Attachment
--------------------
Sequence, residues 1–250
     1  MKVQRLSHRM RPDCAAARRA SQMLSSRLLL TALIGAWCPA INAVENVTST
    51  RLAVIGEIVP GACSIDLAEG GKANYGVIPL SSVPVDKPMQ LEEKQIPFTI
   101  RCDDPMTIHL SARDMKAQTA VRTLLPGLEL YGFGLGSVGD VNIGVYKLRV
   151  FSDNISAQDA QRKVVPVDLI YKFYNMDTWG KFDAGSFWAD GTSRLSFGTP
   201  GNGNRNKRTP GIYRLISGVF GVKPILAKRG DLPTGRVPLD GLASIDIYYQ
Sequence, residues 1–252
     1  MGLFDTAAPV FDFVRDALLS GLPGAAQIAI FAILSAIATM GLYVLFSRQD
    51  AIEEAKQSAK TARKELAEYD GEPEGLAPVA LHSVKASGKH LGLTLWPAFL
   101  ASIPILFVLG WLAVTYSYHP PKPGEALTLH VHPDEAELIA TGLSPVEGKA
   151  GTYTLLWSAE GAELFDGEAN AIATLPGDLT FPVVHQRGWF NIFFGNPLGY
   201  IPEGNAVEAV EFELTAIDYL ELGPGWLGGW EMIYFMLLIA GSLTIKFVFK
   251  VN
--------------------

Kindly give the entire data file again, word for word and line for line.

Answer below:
Sequence, residues 1–250
     1  MKVQRLSHRM RPDCAAARRA SQMLSSRLLL TALIGAWCPA INAVENVTST
    51  RLAVIGEIVP GACSIDLAEG GKANYGVIPL SSVPVDKPMQ LEEKQIPFTI
   101  RCDDPMTIHL SARDMKAQTA VRTLLPGLEL YGFGLGSVGD VNIGVYKLRV
   151  FSDNISAQDA QRKVVPVDLI YKFYNMDTWG KFDAGSFWAD GTSRLSFGTP
   201  GNGNRNKRTP GIYRLISGVF GVKPILAKRG DLPTGRVPLD GLASIDIYYQ
Sequence, residues 1–252
     1  MGLFDTAAPV FDFVRDALLS GLPGAAQIAI FAILSAIATM GLYVLFSRQD
    51  AIEEAKQSAK TARKELAEYD GEPEGLAPVA LHSVKASGKH LGLTLWPAFL
   101  ASIPILFVLG WLAVTYSYHP PKPGEALTLH VHPDEAELIA TGLSPVEGKA
   151  GTYTLLWSAE GAELFDGEAN AIATLPGDLT FPVVHQRGWF NIFFGNPLGY
   201  IPEGNAVEAV EFELTAIDYL ELGPGWLGGW EMIYFMLLIA GSLTIKFVFK
   251  VN